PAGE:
11. The adapter of claim 9 wherein a locking ring on the first assembly rotatably engages and grasps a member of the second assembly to couple the first and second assemblies.
12. The adapter of claim 9 wherein a plurality of first assemblies couple the second ends of a plurality of robotic joints; and a plurality of second assemblies each couple the first ends of the same robotic joints; wherein the robotic joints may be coupled in any order by the coupling of any first assembly on one joint to any second assembly on another joint.
13. The interchangeable connector of claim 9 wherein the first sub-assembly and the second sub-assembly comprise a plurality of mating pairs of slidably engageable electrical connectors to transfer data and power signals between the first and second assemblies and one or more attached joints;
wherein the transfer of data or power will not occur unless at least one specified pair of mating electrical connectors is engaged; and
wherein the other mating pairs of electrical connectors are always engaged whenever the at least one specified pair is partially engaged or engaged.
14. The interchangeable connector of claim 9 wherein the mechanical bosses and the multifaceted recesses are configured to be aligned and engaged whenever the mating pairs of slidably engageable electrical connectors are partially engaged or engaged.
15. The interchangeable connector of claim 9 wherein the one sub-assembly comprises a control board configured to hold the operational parameters of a coupled joint; wherein the first sub-assembly is configured to pass the power, operational parameters, or other data from the coupled joint to coupled second assemblies and to other coupled joints.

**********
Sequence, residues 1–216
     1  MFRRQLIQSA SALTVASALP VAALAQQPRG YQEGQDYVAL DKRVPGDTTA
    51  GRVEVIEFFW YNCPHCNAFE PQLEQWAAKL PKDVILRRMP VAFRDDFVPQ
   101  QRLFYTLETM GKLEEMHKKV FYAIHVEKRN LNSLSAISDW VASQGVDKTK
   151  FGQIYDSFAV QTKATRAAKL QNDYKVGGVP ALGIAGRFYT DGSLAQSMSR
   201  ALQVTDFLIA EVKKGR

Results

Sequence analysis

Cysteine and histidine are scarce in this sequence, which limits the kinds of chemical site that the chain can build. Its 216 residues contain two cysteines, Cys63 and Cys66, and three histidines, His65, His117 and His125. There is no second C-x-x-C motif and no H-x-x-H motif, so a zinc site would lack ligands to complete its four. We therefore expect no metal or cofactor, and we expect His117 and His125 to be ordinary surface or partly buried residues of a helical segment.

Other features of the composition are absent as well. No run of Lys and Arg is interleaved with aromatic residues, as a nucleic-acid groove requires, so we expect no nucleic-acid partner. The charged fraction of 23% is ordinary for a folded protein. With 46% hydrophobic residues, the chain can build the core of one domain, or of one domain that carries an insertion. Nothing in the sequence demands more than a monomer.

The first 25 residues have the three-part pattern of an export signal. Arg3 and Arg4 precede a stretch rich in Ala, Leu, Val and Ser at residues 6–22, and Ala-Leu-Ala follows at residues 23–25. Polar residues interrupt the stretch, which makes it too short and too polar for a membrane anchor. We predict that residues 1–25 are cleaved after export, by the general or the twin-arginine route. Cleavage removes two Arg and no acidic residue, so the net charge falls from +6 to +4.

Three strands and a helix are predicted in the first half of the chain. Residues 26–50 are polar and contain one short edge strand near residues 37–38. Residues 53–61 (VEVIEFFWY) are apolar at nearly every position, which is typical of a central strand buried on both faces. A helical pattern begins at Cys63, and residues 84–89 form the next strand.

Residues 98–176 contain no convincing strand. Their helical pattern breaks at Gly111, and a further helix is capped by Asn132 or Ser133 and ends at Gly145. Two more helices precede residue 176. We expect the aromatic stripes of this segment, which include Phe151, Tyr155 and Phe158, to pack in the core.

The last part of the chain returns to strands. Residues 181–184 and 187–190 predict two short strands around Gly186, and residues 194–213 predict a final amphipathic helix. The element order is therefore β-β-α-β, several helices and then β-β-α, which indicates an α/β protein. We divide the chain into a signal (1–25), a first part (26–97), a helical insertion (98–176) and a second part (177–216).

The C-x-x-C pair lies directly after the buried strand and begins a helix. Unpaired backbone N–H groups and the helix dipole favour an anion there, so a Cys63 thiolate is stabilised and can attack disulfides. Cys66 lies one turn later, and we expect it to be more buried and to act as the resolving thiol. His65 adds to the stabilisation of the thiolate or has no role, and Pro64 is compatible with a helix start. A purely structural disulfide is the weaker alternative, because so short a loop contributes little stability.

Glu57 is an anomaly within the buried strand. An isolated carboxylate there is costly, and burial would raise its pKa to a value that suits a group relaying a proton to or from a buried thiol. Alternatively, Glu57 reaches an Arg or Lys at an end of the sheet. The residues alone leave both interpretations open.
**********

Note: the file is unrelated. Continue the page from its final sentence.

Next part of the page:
16. The interchangeable connector of claim 9 wherein the first sub-assembly forms a hermetically sealed barrier, or the second sub-assembly forms a hermetically sealed barrier.
17. The adapter of claim 9, further comprising a mechanism for automatically detaching an object from or attaching the object to a robotic joint or manipulator arm, the mechanism comprising:
a socket portion comprising the first assembly;
a plug portion comprising the second assembly;
at least one motor-driven surface;
wherein the object to be detached or attached may be an end-effector or another joint;
wherein the motor-driven surface is configured to induce the rotational engagement of the first and second assemblies; and
wherein the mechanism is configured for automatic or manual operation.
18. The mechanism of claim 17 wherein engagement pins on one connector sub-assembly push the locking ring of same sub-assembly toward the mating sub-assembly.
19. The joint of claim 7 further comprising a position sensor assembly configured to detect the absolute angular position of the rotatable section with respect to the base section wherein the position sensor assembly is mounted on one of the joint sections and passes or moves near a position-indicating design mounted on the other section of the joint.
20. The position sensor assembly of claim 19 comprising at least one optical emitter and one optical sensor;
wherein the position-indicating design includes regions of varying optical contrast; and
wherein the variation in optical contrast may be discrete or graduated.
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WO2019044692A1 (en) * 2017-08-31 2019-03-07 川崎重工業株式会社 Articulated robot
WO2019051004A1 (en) * 2017-09-08 2019-03-14 Covidien Lp Energy disconnect for robotic surgical assemblies
CN108481317A (en) * 2018-02-28 2018-09-04 成都明杰科技有限公司 A kind of robot module's formula assembly mechanical arm